Global Council for Tolerance and Peace

Being and Becoming Poor: How Cultural Schemas Shape Beliefs About Poverty

By Patricia Homan, Lauren Valentino, Emi Weed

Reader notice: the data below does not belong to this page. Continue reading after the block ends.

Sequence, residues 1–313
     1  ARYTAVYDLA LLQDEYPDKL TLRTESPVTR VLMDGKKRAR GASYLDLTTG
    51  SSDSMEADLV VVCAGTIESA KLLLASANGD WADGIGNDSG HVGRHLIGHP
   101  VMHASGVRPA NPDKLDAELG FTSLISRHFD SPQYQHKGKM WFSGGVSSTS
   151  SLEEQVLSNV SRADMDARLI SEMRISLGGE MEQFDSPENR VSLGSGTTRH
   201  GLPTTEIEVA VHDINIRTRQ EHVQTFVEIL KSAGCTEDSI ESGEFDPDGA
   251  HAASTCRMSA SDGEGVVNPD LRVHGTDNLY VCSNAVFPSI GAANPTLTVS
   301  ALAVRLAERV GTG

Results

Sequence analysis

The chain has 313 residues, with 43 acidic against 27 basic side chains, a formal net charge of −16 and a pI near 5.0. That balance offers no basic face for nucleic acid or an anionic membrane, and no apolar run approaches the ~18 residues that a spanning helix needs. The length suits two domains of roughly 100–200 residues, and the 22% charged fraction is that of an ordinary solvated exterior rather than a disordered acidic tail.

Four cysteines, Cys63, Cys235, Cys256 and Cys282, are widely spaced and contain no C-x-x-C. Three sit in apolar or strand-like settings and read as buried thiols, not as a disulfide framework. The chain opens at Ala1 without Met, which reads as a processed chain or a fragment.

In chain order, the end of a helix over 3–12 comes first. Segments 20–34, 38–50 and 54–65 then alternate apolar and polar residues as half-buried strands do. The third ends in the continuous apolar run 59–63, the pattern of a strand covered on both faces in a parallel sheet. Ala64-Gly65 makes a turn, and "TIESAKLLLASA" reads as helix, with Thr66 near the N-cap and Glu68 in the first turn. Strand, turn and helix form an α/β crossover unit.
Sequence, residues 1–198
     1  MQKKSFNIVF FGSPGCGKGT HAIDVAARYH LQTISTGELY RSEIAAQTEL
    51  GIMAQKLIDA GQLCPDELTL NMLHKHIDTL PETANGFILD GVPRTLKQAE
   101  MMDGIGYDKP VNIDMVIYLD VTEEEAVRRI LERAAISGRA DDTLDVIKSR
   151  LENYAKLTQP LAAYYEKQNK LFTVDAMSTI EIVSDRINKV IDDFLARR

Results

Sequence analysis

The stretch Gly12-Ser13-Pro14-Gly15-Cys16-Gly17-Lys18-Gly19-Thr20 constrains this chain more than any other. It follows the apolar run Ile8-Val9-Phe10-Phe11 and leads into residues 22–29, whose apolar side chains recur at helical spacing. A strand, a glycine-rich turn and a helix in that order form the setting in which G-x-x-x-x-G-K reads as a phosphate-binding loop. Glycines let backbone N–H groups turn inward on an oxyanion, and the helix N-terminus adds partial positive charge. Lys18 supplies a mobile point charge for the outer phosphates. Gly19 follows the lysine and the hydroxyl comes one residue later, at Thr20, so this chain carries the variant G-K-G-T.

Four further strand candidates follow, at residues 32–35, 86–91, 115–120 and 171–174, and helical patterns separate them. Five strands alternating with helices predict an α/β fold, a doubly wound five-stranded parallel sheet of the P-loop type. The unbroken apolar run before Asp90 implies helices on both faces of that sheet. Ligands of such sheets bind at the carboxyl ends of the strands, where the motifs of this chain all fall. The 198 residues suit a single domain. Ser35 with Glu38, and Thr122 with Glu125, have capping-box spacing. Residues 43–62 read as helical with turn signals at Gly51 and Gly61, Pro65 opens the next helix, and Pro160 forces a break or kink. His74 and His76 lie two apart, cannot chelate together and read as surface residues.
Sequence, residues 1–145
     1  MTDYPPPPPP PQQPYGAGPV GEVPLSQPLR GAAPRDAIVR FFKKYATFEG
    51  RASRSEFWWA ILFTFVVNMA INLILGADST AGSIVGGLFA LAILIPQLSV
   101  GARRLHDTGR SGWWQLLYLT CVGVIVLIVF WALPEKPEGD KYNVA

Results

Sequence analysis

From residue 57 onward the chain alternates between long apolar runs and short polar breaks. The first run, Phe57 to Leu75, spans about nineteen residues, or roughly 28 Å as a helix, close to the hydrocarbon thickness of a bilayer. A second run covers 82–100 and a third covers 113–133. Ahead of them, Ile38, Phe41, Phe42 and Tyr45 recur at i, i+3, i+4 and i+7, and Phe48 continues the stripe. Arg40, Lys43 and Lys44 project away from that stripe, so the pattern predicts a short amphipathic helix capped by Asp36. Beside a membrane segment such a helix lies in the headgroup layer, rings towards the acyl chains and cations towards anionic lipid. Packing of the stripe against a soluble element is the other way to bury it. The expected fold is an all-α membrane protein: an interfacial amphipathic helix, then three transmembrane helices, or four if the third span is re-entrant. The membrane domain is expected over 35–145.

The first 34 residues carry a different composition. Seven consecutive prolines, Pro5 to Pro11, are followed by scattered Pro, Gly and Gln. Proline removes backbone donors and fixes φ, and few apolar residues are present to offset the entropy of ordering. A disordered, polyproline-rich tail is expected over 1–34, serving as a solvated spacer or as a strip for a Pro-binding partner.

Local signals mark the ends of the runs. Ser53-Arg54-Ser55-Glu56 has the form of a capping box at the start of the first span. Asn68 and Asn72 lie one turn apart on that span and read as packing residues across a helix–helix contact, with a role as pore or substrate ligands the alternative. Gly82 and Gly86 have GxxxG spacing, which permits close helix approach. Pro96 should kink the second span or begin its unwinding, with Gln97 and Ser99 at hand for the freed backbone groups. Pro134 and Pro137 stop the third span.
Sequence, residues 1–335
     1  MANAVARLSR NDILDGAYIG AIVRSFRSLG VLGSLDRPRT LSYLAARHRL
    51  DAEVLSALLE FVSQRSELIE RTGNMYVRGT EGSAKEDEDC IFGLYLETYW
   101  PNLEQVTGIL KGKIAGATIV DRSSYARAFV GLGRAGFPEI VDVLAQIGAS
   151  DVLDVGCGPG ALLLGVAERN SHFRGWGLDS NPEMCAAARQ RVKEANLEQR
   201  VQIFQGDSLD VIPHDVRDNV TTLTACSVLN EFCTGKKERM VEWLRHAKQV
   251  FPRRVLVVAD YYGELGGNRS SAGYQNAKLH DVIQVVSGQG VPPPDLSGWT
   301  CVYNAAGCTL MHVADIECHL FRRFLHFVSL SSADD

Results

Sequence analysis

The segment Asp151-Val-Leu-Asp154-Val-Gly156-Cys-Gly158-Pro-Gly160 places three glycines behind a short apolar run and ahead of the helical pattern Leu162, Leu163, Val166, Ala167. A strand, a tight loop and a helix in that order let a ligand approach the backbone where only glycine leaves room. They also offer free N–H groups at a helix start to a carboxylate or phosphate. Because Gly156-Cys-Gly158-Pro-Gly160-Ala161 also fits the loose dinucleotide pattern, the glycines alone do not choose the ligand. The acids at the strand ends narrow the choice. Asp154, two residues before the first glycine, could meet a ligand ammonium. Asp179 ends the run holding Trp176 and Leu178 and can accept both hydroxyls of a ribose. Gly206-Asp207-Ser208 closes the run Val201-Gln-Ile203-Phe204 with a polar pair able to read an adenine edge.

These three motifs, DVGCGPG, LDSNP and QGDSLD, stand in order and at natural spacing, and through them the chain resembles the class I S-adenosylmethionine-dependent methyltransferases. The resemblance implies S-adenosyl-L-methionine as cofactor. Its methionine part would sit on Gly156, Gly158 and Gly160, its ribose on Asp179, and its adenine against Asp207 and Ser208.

Prior research on stratification beliefs has investigated individuals’ understandings regarding the causes of poverty in America. These past studies have uncovered demographic characteristics associated with individualist and structuralist explanations for poverty. In the current study, we will argue that Americans, like social scientists, envision poverty as a heterogeneous and complex phenomenon. We utilize a cultural cognition theoretical approach to conceptualize these understandings of poverty as schemas. We contend that a schema of poverty contains a set of unique associations regarding both demographic beliefs (who the poor are) and causal attributions (why they are poor). Using original data in a mixed-methods design that incorporates inductive and experimental components, we find that people differentiate between two key types of poverty: intergenerational poverty and downward mobility. People perceive each type of poverty as caused by a different set of factors and as experienced by a different group of people. The type of poverty envisioned is, in most cases, as important as or more important than a respondent’s own demographic characteristics in predicting what type of causal attributions he or she makes for poverty. These findings underscore the importance of investigating different schemas of poverty in future stratification beliefs research.


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